Edited by Anne-Claude Berthoud, François Grin and Georges Lüdi
[Multilingualism and Diversity Management 2] 2013
► pp. 3–32
Chapter 1. Multilingual practices in professional settings
Keeping the delicate balance between progressivity and intersubjectivity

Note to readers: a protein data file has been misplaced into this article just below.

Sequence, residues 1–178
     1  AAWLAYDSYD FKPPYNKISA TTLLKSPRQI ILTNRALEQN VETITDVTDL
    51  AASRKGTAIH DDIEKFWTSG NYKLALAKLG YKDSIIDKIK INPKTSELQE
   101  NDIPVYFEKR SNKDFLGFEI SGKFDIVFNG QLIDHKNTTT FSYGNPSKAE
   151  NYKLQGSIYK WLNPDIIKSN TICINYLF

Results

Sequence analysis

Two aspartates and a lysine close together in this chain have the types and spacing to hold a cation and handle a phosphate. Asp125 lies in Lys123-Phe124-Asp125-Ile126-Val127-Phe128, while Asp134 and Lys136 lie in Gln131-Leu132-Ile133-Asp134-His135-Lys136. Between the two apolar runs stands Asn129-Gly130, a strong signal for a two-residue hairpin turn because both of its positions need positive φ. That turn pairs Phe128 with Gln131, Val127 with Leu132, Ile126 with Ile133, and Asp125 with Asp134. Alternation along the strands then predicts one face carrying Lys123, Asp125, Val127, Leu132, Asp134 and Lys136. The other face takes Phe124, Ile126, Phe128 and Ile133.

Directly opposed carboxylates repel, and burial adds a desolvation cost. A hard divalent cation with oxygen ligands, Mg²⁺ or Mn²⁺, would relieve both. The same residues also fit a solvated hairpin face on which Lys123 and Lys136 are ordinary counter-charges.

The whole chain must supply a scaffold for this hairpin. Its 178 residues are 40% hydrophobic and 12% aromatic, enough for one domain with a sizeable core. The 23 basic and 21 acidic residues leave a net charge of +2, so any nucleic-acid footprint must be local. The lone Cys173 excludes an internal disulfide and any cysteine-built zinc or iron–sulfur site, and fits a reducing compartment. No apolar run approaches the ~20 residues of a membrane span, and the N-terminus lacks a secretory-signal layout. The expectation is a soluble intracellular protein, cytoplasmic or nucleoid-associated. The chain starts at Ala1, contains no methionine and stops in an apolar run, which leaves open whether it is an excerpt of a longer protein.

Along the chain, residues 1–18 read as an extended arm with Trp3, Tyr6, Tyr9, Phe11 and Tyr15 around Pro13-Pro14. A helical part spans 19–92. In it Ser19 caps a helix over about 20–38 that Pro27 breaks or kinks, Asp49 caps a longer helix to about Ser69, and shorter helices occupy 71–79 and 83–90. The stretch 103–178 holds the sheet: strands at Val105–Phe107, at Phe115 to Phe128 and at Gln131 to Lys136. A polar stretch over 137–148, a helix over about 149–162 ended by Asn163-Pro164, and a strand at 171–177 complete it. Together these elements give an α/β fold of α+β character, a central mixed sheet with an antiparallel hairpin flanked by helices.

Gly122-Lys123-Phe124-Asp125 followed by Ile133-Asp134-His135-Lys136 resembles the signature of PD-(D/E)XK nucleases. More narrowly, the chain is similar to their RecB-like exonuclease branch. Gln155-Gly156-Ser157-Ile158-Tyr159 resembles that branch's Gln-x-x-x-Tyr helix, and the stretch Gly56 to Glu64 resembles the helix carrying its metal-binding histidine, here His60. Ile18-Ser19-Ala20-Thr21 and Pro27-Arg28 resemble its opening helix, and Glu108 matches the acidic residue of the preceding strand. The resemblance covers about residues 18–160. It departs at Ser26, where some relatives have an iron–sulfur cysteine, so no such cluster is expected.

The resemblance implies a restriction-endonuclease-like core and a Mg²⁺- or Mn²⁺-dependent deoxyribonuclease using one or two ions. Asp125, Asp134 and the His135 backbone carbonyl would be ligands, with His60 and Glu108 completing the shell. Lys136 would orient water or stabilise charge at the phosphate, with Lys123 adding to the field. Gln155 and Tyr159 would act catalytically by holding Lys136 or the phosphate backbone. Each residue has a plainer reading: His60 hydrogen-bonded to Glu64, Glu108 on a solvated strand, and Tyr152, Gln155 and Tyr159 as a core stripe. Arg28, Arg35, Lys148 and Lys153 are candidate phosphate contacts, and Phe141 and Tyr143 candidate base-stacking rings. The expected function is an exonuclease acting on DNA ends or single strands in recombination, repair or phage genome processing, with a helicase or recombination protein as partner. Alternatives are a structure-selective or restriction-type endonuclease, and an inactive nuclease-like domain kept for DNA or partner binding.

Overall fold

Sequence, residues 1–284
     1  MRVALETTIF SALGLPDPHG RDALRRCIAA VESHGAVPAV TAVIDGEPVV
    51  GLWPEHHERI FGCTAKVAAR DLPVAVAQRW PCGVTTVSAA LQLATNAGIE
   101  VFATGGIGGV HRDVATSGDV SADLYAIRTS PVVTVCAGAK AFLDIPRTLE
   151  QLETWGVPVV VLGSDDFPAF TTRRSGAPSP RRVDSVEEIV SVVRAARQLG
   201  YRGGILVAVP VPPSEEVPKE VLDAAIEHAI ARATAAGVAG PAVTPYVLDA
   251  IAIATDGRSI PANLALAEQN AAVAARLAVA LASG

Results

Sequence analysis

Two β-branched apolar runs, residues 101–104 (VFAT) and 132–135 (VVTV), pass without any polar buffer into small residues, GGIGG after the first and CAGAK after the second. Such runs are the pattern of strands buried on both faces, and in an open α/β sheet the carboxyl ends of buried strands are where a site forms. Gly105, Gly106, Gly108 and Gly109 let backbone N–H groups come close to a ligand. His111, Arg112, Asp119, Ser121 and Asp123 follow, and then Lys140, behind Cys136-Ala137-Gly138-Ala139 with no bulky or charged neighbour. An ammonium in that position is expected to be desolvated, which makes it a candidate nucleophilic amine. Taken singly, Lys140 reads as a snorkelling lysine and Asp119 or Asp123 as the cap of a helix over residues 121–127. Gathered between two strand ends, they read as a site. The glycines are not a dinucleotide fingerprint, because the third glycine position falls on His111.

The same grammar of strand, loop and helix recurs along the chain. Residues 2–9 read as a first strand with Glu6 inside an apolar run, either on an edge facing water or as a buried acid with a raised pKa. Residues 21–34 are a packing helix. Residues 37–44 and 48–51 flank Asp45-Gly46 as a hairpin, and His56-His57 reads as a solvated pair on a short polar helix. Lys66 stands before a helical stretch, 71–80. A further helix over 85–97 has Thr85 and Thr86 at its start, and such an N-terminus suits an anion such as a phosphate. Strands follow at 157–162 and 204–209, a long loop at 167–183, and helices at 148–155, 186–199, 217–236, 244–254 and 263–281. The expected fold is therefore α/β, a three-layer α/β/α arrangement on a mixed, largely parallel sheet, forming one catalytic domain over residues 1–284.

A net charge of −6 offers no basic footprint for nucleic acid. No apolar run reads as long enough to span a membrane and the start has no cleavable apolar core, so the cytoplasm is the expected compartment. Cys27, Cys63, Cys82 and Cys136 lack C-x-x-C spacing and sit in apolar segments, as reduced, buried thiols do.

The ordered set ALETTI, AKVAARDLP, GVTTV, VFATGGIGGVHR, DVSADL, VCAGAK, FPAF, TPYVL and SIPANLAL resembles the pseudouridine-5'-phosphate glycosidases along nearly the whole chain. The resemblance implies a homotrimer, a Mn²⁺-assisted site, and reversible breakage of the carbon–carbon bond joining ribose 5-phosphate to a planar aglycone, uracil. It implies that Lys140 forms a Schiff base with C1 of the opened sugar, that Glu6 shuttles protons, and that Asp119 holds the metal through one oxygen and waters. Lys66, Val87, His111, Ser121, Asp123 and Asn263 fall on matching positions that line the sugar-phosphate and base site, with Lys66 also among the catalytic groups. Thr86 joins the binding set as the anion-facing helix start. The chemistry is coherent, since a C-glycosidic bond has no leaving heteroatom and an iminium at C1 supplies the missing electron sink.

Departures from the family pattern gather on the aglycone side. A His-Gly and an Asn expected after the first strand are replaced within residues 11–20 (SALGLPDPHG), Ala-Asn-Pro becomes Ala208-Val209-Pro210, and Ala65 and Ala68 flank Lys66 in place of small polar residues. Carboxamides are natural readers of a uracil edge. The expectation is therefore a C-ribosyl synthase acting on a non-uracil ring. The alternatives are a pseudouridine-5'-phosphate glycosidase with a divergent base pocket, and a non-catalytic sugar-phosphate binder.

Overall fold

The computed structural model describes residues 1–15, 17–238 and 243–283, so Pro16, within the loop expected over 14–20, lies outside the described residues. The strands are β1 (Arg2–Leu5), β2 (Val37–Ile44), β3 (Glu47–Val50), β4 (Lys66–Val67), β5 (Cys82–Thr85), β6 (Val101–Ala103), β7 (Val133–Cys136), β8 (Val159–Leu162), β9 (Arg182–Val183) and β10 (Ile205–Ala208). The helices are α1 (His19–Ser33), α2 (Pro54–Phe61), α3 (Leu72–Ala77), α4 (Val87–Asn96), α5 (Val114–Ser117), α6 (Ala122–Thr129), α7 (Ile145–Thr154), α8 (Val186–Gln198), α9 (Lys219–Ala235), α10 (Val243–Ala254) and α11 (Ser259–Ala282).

Drawing on naturalistic video and audio recordings of international meetings, and within the framework of conversation analysis, ethnomethodology and interactional linguistics, this chapter studies how multilingual resources are mobilized in social interactions among professionals, how available linguistic and embodied resources are identified and used by the participants, which solutions are locally elaborated by them when they are confronted with various languages spoken but not shared among them, and which definition of multilingualism they adopt for all practical purposes.Focusing on the multilingual solutions emically elaborated in international professional meetings, we show that the participants orient to a double principle: on the one hand, they orient to the progressivity of the interaction, adopting all the possible resources that enable them to go on within the current activity; on the other hand, they orient to the intersubjectivity of the interaction, treating, preventing and repairing possible troubles and problems of understanding. Specific multilingual solutions can be adopted to keep this difficult balance between progressivity and intersubjectivity; they vary according to the settings, the competences at hand, the linguistic and embodied resources locally defined by the participants as publicly available, the multilingual resources treated as totally or partially shared, as transparent or opaque, and as needing repair or not.The paper begins by sketching the analytical framework, including the methodology and the data collected; it then presents some general findings, before offering an analysis of various ways in which participants keep the balance between progressivity and intersubjectivity in different multilingual interactional contexts.
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